Volunteering, Corporate volunteering

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Summary

Volunteering is generally considered an altruistic activity and is intended to promote goodness or improve human quality of life. In return, this activity can produce a feeling of self-worth and respect. There is no financial gain involved for the individual. Volunteering is also renowned for skill development, socialization, and fun. It is also intended to make contacts for possible employment. It is helping, assisting, or serving another person or persons without pay.

Details

A majority of the companies at the Fortune 500 allow their employees to volunteer during work hours. These formalized Employee Volunteering Programs (EVPs), also called Employer Supported Volunteering (ESV), are regarded as a part of the companies' sustainability efforts and their social responsibility activities. About 40% of Fortune 500 companies provide monetary donations, also known as volunteer grants, to nonprofits as a way to recognize employees who dedicate significant amounts of time to volunteering in the community.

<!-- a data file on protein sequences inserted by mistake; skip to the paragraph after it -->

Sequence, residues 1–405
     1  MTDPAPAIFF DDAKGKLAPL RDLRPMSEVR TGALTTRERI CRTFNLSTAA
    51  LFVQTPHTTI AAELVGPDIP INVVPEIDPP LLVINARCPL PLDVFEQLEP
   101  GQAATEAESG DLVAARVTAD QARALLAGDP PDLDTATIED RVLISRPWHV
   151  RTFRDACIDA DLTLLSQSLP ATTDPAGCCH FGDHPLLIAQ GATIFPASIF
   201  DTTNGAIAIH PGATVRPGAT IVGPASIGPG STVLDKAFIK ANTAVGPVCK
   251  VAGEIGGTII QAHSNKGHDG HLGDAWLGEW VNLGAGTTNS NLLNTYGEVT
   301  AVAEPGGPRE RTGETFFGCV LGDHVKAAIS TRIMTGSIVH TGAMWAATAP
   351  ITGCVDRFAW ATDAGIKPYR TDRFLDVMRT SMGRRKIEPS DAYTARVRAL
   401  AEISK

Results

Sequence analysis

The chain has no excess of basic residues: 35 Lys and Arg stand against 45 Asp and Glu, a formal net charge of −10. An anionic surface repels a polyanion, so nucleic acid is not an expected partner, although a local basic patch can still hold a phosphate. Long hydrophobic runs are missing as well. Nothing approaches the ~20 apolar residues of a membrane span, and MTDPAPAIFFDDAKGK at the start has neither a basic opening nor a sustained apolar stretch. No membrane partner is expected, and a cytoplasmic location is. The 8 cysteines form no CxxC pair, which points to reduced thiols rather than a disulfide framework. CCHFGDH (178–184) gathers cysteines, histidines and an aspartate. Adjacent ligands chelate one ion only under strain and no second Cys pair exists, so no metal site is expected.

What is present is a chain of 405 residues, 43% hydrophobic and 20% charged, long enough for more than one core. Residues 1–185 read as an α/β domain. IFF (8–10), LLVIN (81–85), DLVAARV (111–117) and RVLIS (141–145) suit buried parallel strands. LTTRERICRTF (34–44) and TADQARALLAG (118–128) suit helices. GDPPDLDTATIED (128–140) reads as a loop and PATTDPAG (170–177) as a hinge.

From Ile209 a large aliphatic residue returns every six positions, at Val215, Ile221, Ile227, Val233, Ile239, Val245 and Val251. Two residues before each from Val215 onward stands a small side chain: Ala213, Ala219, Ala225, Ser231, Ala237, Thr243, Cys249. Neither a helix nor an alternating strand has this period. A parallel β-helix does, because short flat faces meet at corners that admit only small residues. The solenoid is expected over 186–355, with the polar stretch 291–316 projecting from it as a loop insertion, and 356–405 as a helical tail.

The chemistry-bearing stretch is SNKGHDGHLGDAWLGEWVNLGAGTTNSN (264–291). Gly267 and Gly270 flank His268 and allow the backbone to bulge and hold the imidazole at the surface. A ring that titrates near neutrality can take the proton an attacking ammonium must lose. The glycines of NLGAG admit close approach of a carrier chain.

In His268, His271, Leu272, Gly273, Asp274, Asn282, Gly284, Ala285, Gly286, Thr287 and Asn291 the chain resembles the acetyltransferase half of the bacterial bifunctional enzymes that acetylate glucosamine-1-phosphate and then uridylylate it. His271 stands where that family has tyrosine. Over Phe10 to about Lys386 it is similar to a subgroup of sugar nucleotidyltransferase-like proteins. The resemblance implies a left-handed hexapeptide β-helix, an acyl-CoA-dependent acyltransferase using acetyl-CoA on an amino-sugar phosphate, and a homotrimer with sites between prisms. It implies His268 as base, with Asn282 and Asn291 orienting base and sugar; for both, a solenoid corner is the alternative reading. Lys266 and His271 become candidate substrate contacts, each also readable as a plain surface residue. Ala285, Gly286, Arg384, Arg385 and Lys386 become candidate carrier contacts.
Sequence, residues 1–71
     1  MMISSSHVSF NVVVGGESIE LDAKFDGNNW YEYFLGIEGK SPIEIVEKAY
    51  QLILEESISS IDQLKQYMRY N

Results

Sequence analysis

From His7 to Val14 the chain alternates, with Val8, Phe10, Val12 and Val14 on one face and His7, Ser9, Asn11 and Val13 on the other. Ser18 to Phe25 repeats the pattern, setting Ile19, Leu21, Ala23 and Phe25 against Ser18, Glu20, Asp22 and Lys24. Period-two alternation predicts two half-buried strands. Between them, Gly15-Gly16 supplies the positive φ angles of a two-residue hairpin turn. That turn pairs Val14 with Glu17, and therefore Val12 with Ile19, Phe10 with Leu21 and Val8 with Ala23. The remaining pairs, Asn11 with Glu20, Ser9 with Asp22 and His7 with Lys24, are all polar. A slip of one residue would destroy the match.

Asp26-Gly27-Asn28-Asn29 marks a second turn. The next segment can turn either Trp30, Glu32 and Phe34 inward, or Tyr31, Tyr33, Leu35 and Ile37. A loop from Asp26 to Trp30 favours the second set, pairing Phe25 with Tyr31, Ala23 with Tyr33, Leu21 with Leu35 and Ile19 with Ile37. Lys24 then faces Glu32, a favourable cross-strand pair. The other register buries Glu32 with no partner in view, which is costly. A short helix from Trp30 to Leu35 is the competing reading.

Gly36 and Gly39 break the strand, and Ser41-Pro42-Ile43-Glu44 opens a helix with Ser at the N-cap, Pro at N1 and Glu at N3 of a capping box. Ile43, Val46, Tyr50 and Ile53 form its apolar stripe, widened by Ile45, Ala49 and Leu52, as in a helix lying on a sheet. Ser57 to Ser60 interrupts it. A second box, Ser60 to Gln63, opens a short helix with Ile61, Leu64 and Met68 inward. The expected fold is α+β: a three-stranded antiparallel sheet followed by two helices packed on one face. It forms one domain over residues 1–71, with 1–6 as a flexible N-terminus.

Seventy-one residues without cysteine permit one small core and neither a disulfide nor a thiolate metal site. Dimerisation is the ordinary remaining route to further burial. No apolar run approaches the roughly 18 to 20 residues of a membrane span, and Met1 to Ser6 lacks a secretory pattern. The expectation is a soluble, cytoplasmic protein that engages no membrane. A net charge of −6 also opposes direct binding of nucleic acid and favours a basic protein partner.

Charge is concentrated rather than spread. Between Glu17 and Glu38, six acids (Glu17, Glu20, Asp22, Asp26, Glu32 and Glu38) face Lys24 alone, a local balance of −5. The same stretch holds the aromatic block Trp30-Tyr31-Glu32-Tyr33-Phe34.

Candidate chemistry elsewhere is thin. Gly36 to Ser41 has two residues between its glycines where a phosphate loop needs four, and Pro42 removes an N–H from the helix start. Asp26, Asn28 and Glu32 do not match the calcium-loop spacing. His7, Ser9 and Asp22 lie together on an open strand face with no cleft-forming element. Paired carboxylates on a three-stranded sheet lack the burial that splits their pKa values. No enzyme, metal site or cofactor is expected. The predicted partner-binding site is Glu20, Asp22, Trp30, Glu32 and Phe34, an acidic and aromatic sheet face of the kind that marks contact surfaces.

According to the information from VolunteerMatch, a service that provides Employee Volunteering Program solutions, the key drivers for companies that produce and manage EVPs are building brand awareness and affinity, strengthening trust and loyalty among consumers, enhancing corporate image and reputation, improving employee retention, increasing employee productivity and loyalty, and providing an effective vehicle to reach strategic goals.

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External Links

  • WikipediaVolunteerism and legislation: a Guidance Note

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